Aluminum may be common, but that doesn’t mean it’s easy to get — the metal requires extensive processing before it can be used for industrial purposes.
Aluminum is the world’s most plentiful metal: used in everything from wind turbines to soda cans, its wide variety of practical applications make it a popular material for all kinds of industries, going into everything from skyscrapers to sandwich wrapping. As common as aluminum is, however, extracting it is far from a simple process. Read on as we guide you through this metal’s journey from the mine to the supermarket.
Like most mining operations, the aluminum mining process begins with prospecting. Geologists start by taking samples from the earth and testing them for bauxite, the ore in which aluminum is usually found. Since bauxite typically settles in layers of earth that stretch for several miles, even small traces of it could indicate that a major deposit lies deep underneath.
After locating a bauxite deposit, miners construct an open-pit mine, bulldozing the deposit’s outermost layer to expose the raw materials within. With the raw materials revealed, miners begin to loosen the surrounding soil with explosives or other tools. The bauxite is then removed from the ground and loaded onto trucks or railroad cars for transportation to processing plants.
Since bauxite is composed of both hydrated aluminum oxide and hydrated iron oxide, the first step in processing aluminum is removing the iron. Scientists achieve this by mixing the bauxite with sodium hydroxide, then applying pressure and heat to it. This process soon causes the aluminum oxide to dissolve into sodium aluminate while simultaneously filtering out the iron oxide. The remaining sodium aluminate is then mixed with aluminum oxide, causing crystals to form. Finally, those crystals are washed and heated to form pure aluminum oxide, or alumina.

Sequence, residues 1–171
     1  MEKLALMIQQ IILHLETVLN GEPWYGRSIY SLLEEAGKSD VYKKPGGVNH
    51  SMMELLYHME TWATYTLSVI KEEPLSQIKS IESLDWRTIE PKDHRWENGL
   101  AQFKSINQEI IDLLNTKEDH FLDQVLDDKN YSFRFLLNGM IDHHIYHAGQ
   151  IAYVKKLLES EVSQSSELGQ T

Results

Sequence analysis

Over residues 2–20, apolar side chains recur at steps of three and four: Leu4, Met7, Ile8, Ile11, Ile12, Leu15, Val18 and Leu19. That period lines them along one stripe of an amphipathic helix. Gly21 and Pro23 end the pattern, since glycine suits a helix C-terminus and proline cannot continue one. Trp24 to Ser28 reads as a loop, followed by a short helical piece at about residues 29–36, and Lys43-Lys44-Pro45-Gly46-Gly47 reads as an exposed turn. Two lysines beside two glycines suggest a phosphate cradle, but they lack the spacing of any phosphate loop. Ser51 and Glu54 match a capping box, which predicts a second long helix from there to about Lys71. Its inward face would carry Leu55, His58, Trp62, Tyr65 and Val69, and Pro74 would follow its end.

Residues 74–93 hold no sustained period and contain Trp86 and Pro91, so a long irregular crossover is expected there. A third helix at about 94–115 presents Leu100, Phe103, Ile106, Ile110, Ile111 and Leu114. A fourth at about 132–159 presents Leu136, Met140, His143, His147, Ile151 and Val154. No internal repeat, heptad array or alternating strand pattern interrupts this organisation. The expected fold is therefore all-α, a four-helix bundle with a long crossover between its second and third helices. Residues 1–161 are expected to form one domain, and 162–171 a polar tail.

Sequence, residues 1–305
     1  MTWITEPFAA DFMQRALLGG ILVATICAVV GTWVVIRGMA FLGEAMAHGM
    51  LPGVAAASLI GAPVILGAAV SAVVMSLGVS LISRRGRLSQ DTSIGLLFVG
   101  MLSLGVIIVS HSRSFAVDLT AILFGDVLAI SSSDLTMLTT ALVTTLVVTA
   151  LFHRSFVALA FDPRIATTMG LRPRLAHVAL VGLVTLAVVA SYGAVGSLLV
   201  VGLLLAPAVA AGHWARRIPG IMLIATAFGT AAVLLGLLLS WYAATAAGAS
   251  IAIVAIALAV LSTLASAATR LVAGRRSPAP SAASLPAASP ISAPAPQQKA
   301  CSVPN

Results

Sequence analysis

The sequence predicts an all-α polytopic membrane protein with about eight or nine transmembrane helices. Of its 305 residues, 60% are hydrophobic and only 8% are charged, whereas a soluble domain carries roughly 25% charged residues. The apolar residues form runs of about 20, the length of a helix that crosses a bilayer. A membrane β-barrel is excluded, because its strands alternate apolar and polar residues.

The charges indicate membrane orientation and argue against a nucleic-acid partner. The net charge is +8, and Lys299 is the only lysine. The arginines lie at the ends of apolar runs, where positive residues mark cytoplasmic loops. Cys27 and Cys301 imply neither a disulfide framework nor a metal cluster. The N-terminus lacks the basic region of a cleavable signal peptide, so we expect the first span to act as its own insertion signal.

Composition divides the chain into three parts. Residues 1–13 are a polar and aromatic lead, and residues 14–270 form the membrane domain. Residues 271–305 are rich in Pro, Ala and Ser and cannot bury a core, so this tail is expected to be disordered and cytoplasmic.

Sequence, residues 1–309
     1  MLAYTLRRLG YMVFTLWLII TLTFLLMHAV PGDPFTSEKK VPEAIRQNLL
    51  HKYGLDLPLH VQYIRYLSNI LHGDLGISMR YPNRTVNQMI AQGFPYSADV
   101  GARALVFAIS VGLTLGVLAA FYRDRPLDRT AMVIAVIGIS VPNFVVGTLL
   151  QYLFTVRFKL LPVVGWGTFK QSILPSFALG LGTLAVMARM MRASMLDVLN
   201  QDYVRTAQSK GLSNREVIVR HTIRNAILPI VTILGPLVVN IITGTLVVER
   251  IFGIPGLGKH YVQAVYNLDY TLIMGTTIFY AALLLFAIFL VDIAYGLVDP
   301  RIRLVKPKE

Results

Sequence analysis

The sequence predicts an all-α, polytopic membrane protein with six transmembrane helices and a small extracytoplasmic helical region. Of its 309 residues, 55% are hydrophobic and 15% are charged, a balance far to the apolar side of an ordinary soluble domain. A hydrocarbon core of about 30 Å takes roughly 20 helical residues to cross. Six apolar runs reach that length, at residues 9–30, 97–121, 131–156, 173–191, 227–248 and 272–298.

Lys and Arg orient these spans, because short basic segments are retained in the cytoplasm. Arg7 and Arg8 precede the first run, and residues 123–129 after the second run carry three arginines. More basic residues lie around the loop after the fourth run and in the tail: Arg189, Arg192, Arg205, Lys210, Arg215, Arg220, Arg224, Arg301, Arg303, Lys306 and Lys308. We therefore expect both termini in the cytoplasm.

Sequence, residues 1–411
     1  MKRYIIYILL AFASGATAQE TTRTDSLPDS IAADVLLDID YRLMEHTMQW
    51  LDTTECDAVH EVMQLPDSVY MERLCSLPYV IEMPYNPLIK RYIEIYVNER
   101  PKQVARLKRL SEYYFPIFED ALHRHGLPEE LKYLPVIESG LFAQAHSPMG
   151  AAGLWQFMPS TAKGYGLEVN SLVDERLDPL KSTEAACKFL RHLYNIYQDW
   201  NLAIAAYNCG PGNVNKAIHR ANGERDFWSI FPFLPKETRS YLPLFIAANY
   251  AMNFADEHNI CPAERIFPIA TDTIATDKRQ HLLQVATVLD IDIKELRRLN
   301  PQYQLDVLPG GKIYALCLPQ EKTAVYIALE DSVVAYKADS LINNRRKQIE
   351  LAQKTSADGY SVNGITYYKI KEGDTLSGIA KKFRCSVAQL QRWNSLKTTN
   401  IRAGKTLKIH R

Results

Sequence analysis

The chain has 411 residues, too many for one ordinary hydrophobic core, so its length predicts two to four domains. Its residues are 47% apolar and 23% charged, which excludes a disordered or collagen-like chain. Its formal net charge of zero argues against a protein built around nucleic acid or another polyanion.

Alumina is not the finished product, however — it must undergo electrolysis before becoming aluminum. This process, which separates negative ions from positive ions, also breaks up the alumina into two components: aluminum metal and carbon dioxide gas.
Electrolysis begins when the alumina is heated to over 1,000 degrees Fahrenheit, causing it to dissolve into molten cryolite. After applying electrodes to the molten cryolite, the aluminum and carbon dioxide in it begin to separate. Molten aluminum then settles to the bottom of a large smelting pot of liquid metal that is later drained.
Mixing and Molding
Having been mined, processed, and smelted, the newly pure aluminum can be put to industrial use. It’s frequently melted together with other metals to produce strong alloys, all of which are mixed precisely to maximize certain characteristics. For example, certain alloys are made for their lightweight properties, while others are manufactured for a high degree of weldability.
Of course, not all aluminum is used in alloys — some pure aluminum is directly cast into molds, while other batches are crushed and rolled repeatedly to produce aluminum foil. Soda cans are made after rolling and punching it into a circle, which is then rolled into a cup and fitted with ends for filling and topping.
The Midwest Solution
Since manufacturers first began processing it in the late nineteenth century, aluminum has been used in everything from space shuttles to microwaves. It’s important to remember, however, that it wouldn’t be such an important building material without the miners who harvest it. Without safe and efficient mines, even abundant resources like aluminum would be stuck below ground.
With over 40 years of experience in the metal mining industry, Midwest Industrial Supply, Inc. can offer your company the reliable, efficient, and environmentally friendly dust control solutions. Mines can use Midwest products like EK35® to keep fugitive emissions down, keeping access and haul roads safe while avoiding costly fines from regulatory agencies. Call Midwest today and consider it done.